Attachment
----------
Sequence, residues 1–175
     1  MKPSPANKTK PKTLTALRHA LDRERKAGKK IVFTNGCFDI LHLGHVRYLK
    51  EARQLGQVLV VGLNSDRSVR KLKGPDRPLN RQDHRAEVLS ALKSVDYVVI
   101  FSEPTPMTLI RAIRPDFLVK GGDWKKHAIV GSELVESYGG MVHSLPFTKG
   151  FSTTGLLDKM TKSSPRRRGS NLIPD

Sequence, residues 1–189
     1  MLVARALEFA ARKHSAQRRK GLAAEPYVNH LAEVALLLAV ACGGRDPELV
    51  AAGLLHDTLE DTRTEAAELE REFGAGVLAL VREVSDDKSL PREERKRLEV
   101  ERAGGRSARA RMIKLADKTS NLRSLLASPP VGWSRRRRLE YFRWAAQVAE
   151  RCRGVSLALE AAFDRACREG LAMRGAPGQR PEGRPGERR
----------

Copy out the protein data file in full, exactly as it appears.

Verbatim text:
Sequence, residues 1–175
     1  MKPSPANKTK PKTLTALRHA LDRERKAGKK IVFTNGCFDI LHLGHVRYLK
    51  EARQLGQVLV VGLNSDRSVR KLKGPDRPLN RQDHRAEVLS ALKSVDYVVI
   101  FSEPTPMTLI RAIRPDFLVK GGDWKKHAIV GSELVESYGG MVHSLPFTKG
   151  FSTTGLLDKM TKSSPRRRGS NLIPD

Sequence, residues 1–189
     1  MLVARALEFA ARKHSAQRRK GLAAEPYVNH LAEVALLLAV ACGGRDPELV
    51  AAGLLHDTLE DTRTEAAELE REFGAGVLAL VREVSDDKSL PREERKRLEV
   101  ERAGGRSARA RMIKLADKTS NLRSLLASPP VGWSRRRRLE YFRWAAQVAE
   151  RCRGVSLALE AAFDRACREG LAMRGAPGQR PEGRPGERR